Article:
Desire2Learn: Needs Design Overhaul to Make Intuitive, Nightmare to Use
February 02, 2015

Desire2Learn: Needs Design Overhaul to Make Intuitive, Nightmare to Use

Anonymous | TrustRadius Reviewer
Score 2 out of 10
Vetted Review
Verified User

Software Version


Modules Used

  • Course content, grading, etc.

Overall Satisfaction with Desire2Learn

I work at a state university which replaced a limited version of Blackboard with Desire2Learn a few years ago after the university system of over 20+ colleges and universities moved to this system. While a system-wide committee chose Desire2Learn, I am unsure why. Perhaps it was a budgetary issue because Desire2Learn is almost universally condemned among professors here.
  • Desire2Learn can -with great difficulty- work. Professors can construct a course and have students access materials, upload homework, and run an online or hybrid course.
  • Desire2Learn does provide access to a plagiarism-checking module.
  • I formerly used Blackboard which I sometimes found clunky and poorly designed. Desire2Learn, however, is considerably inferior in a number of ways. The largest complaint I encounter and which I regularly hear is that Desire2Learn is not intuitive. To set up an assignment one must create a separate dropbox, grade item, and calendar entry. Editing these requires going between multiple tabs to different locations. The system is extremely challenging to learn and often requires me to make multiple calls to our help center -who in turn often have to search for where one turns on a simple assignment, links it to a grade item, etc. This system seems almost 1990s in design because none of the setup or use of the system is in the background. Instead of a clean, Excel-like spreadsheet for grades, the user must learn the multiple steps to set up grade items.
  • Grading in Desire2Learn is also cumbersome. In Blackboard one can open a student's essay and edit the essay with comments, strike-throughs, red-lettered additions, etc. directly in the system. Desire2Learn requires you to download the student's paper, edit it in Word, and then upload it back into Desire2Learn. One can directly leave a comment and enter a grade in Desire2Learn in a box to the side, but you cannot directly grade/edit the actual essay. There is a feature where you can download all your students' essays to your harddrive, edit in Word, and then wholesale upload them again but I do not know anyone who actually uses this seemingly cumbersome process. Instead a number of colleagues just have their students turn in paper or email copies to grade rather than use Desire2Learn. I just learned there is a new app for the iPad that DOES allow direct grading for Desire2Learn but I have not used yet and thus cannot review the interface.
  • Desire2Learn and the fully featured version of Blackboard are similar, but Desire2Learn is far less intuitive, requires many more hours to set up a course, and is more limited in grading options. It may be that after more years of use with Desire2Learn that I will not find it frustrating. Our new faculty simply find Desire2Learn overwhelming because again it lacks intuitive feel. There are simply too many tabs and fields required to set up a simple assignment or module. The system appears to have the bones to be a quality system, but it desperately needs a complete overhaul by a team specializing in user-focused design. The system currently is cluttered with icons and tabs. To set up a discussion requires setting it up in one place, setting up the grade item associated with it in another, and actually posting a thread in a third. Each one of these areas in turn have 5-20 options, multiple tabs, etc. When you are trying to get your materials ready, taking an average of 2-4 hours per lesson to navigate Desire2Learn becomes a nightmare.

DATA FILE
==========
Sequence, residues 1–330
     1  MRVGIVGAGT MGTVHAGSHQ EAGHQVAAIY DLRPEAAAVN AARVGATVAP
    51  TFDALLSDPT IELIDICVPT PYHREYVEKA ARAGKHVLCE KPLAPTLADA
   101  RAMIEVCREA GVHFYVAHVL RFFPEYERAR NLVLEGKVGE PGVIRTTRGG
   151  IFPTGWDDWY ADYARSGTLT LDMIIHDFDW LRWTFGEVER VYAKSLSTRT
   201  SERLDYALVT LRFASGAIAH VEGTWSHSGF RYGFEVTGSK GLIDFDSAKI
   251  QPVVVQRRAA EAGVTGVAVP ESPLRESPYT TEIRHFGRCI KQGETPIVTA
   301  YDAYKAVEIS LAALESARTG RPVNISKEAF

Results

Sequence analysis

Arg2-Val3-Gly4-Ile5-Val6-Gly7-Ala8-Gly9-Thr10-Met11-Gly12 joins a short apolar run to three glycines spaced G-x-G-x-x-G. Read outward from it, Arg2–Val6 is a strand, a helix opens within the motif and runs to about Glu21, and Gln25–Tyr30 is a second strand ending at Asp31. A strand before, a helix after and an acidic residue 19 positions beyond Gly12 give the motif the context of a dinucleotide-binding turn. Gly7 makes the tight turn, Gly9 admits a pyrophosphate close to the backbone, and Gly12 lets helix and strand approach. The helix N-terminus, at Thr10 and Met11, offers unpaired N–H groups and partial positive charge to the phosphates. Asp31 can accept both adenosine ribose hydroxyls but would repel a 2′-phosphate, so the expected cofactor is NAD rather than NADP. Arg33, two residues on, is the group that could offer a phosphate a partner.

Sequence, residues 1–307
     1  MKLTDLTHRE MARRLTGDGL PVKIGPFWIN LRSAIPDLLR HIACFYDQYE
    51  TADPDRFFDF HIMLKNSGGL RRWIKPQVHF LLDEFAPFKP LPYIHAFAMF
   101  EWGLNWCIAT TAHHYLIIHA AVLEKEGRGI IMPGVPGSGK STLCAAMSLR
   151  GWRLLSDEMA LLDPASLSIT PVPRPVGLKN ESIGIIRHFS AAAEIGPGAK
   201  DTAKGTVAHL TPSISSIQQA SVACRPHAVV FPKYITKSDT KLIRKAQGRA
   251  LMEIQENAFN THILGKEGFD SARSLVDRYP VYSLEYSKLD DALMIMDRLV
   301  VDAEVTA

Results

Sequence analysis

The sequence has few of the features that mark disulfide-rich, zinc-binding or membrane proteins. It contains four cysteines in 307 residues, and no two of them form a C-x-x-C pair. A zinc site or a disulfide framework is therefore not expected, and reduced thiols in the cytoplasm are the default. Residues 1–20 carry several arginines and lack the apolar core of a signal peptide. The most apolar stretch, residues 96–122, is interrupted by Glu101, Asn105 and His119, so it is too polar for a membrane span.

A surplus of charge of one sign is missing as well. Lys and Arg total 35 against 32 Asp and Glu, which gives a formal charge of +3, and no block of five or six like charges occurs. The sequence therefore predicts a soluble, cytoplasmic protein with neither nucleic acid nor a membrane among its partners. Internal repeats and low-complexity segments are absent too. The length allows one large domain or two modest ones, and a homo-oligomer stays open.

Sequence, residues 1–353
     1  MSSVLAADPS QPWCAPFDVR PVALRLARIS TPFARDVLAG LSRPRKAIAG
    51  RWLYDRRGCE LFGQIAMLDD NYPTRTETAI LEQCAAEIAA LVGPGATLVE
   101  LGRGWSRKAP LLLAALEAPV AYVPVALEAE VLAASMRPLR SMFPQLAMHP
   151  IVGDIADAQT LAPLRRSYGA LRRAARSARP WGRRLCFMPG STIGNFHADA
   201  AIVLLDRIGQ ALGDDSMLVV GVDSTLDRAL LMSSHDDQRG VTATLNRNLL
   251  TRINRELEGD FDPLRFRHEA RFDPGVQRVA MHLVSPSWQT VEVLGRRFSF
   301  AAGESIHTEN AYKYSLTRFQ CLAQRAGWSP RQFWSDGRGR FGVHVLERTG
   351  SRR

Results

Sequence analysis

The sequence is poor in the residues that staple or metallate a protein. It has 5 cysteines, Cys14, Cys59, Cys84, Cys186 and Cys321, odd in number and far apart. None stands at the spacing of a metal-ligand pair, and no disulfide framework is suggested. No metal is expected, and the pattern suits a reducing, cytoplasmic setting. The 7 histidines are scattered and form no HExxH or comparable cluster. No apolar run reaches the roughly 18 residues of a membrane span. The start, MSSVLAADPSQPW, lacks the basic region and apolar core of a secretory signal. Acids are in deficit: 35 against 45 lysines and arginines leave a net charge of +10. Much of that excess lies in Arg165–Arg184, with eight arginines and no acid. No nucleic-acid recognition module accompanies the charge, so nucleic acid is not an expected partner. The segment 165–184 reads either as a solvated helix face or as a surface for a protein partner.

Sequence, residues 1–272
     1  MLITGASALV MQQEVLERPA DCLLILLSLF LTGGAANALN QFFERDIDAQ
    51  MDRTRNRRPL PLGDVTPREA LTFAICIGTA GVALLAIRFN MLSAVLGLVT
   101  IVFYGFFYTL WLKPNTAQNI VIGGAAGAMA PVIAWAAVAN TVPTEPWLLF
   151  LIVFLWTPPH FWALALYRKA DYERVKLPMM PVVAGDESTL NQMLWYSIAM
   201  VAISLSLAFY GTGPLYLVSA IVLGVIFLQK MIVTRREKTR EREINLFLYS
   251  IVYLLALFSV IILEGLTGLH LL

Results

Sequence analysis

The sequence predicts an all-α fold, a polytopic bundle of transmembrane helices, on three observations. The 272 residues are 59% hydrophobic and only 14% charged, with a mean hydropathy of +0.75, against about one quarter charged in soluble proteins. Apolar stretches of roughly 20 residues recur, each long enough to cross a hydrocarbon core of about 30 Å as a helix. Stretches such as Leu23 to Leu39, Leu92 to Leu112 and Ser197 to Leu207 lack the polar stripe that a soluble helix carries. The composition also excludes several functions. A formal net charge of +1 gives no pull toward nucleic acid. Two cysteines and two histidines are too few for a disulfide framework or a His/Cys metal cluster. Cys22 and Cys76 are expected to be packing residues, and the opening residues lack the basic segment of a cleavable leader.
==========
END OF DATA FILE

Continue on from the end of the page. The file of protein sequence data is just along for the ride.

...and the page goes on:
• I cannot speak to whether this system is less expensive than the more fully featured Blackboard, but employees are far less efficient, frustrated, and require frequent calls to the help center to set up fairly simple course templates.
  • I have been asked to consider teaching courses which will be completely online at my current institution. I have done such online courses several times at other universities, but I have decided Desire2Learn is too frustrating and cumbersome to do so. I am now exploring using Google Drive to teach a course online. Otherwise, I will not teach online until required or I find an alternate system.
Desire2Learn is similar to Blackboard but with less functionality and intuitiveness in terms of use. Grading options are more limited. Desire2Learn uses a cluttered interface with many tabs and options needing to be used to create even basic assignments for upload and grading. When entering grades in Blackboard, changes are instantly saved but Desire2Learn requires you hit a Save button at the bottom of the interface. If you fail to hit save, your grade changes will not be entered.
Desire2Learn would work in an educational setting where professors or educators turned over all their materials to a course designer who was well-trained in the software and its issues. Thus, one technician would handle the problems with the complex system. Such a situation limits the ability of the educator to make easy changes, but it would work. Desire2Learn also becomes easier once a class if fully built, edited, and reloaded each semester without many changes. The worst case scenarios are asking new faculty (or new to Folio) to teach a course using Folio a month or weeks before that class starts...or asking a faculty member with minimal computer experience to work with the system.